Happy Thanksgiving!from the staff of Timothy Hughes Rare & Early Newspapers... History's Newsstand [/caption] One of the joys of collecting newspapers is sharing with others, but sharing can be problematic given the fragile nature of early paper. Certainly 20th century newspapers offer the largest & most dramatic headlines--some taking the entire front page--but 18th and 19th century issues can be displayable as well. Civil War era newspapers occasionally had large front page maps, and others included graphic devices which draw much attention. And Harper's Weekly and Leslie's Illustrated issues of the 19th century offer a wealth of displayable prints. Even some 18th century newspapers have graphically appealing mastheads which make them perfect for display, not to mention many with wide, black "mourning rules" signifying the death of someone of prominence. But smaller headlines--typically just one column wide--and major content often appearing on inside pages do present challenges for proper display, but can be done. Such headlines on inside pages can be creatively folded, matted and framed in such a way to feature a somewhat small yet very significant report. This relates to one of the common question received from customers: can historic newspapers be framed? The short answer is yes, in fact many of our issues are framed and hanging on walls in our office. But care must be taken to use only archival materials when selecting mat boards and backing boards so no acids transfer from the framing material to the newspaper. Virtually all professional framers use archival material today so this warning is more for those who choose to do their own work. UV glass is important as well, and again is typically available through professional frame shops. This glass will filter out much of the harmful ultraviolet rays which may, in time, do damage to the newspaper if exposed to sunlight. But just to be sure I take care to hang newspapers in locations where little or no sun will touch the frame throughout the day. So for those beautiful headlines in your collection which beg to be displayed, feel free to do so--but include some common sense as well. Do you have newspapers from your collection framed? Feel free to share. Although I think Tim’s choice was a good one (see his post), my choice for the most important event of the nineteenth century, post-Civil War is the invention of the first practical incandescent light bulb by Thomas Edison. His creation of this light bulb as well as his other inventions make him the most recognized inventor of the nineteenth century and perhaps of all time. In fact, reports about his most significant inventions were featured in several nineteenth century issues of Scientific American, more than any inventor of the era. Newspapers, however, were slow but not reluctant to recognize Edison’s achievements. As a result, there is no single report that marked his most famous invention. The reports were usually topical ones written by staff writers who visited Menlo Park, witnessed demonstrations of his inventions, or interviewed Mr. Edison. Images and a description were featured in the Scientific American issue dated March 22, 1879. Nevertheless, the impact of Thomas Edison’s incandescent light bulb and his other inventions are immeasurable and far-reaching. They continue to play a role in our daily lives and make the world a better place for all mankind. I'd love to hear your thoughts. Note: Images with a supporting article were featured in the March 22, 1879 issue of Scientific American. David Chesanow, at AmeriCollector.com, recently interviewed Tim to obtain his views concerning collecting newspapers related to the recent election. Two of the questions asked:
- Do you think people will start collecting Obama papers beyond the election?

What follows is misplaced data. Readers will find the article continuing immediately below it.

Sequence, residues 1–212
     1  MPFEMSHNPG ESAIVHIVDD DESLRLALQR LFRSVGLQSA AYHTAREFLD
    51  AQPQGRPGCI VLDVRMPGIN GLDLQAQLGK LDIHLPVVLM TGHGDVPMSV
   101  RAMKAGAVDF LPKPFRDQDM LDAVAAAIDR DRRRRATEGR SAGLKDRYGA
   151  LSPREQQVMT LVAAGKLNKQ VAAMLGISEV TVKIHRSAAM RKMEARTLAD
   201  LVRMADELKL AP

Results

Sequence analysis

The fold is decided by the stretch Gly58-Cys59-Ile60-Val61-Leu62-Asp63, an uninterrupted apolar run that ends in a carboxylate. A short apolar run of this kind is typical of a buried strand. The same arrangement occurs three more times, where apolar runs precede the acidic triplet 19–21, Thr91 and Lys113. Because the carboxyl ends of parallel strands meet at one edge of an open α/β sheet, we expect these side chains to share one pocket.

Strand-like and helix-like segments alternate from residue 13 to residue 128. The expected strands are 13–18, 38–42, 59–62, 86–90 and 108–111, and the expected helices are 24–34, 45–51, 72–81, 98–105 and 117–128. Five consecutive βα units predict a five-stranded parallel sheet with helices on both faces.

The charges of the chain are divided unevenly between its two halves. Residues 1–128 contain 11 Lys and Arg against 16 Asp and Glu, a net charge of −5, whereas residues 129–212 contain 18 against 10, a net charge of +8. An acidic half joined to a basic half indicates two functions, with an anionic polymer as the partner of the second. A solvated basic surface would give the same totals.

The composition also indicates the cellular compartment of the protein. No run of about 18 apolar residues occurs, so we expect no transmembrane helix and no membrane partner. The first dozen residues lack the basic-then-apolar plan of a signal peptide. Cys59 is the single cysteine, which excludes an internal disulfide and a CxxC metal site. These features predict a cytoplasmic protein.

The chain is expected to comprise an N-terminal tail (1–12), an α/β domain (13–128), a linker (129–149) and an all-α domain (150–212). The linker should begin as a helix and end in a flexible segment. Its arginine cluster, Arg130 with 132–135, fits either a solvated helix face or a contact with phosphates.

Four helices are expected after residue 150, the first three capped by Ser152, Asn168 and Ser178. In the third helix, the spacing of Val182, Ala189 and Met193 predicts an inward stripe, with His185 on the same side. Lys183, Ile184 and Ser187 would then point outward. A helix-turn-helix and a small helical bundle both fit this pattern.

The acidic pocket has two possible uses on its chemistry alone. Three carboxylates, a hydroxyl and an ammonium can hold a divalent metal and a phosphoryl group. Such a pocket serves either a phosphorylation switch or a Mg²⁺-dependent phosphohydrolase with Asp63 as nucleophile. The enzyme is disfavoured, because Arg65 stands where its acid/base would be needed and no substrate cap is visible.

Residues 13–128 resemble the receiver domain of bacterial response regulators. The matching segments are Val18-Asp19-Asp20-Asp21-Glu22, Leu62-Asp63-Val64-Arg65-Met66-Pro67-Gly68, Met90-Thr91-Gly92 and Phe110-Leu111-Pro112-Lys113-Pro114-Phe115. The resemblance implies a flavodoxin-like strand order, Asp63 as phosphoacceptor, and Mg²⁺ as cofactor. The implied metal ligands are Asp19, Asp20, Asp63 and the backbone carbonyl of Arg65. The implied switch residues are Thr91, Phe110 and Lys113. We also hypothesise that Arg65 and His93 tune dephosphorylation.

- Do you anticipate this event raising interest in historic newspapers as a hobby (not investment)?
"Reading the emotion-filled accounts from actual witnesses suddenly opened a new door for me. Before, my viewpoint of history was that it was just a series of dates, names and events. Reading the actual eyewitness accounts made the names and events come to life. Imagine, being able to hold something in your hands that was "alive" when the event happened -- 100, 200 or even 300 years old. For the next four years I literally purchased every old newspaper I could find. By 1969 I realized that I was running out of storage room..." By 1969 he became a mail order dealer in historic newspapers. In 1984 he started a publication for newspaper collectors, "Collectible Newspapers", which featured journalism history articles. Tim fondly remembers the publication and the extraordinary efforts of Rick to bring together newspaper collectors from all corners of the country--and across the globe as well. "Rick was a true hobbyist. He expended much effort and money to provide a channel to bring together all collectors under a common banner--the Newspaper Collector Society of America (NCSA). Never was he motivated to profit by the hobby. In more ways then he might admit, Rick did much to help the fledgling hobby grow. Rick's a terrific guy and remains an extremely valuable resource for the hobby" says Tim. In 1995 he discovered the internet, and by October 1995, Rick had a small website utilizing articles he had first printed in "Collectible Newspapers." By January 1997, the site was getting 25,000 hits per month, and he could no longer justify the publishing costs for 25,000 people, so he ceased publishing the print version with the April 1997 issue. Now, thirteen years later, HistoryBuff.com is reaching nearly 90,000 unique viewers AND 500,000+ PAGE VIEWS monthly. In October 2003, HistoryBuff.com was granted nonprofit status at both the federal and state level. While donations help keep HistoryBuff.com online, Rick fills in with money of his own. As with most nonprofits, financing is always a chore and there is seldom enough to keep it going. He has never taken pay for his work; truly a labor of love. The HistoryBuff.com website provides a wealth of historical information beneficial to both novice and well-seasoned historians. It describes itself as: "...a nonprofit organization devoted to providing FREE primary source material for students, teachers, and historybuffs. This site focuses primarily on HOW news of major, and not so major, events in American history were reported in newspapers of the time. In addition, there is information about the technology used to produce newspapers over the past 400 years." A sampling of resources provided at HistoryBuff.com includes: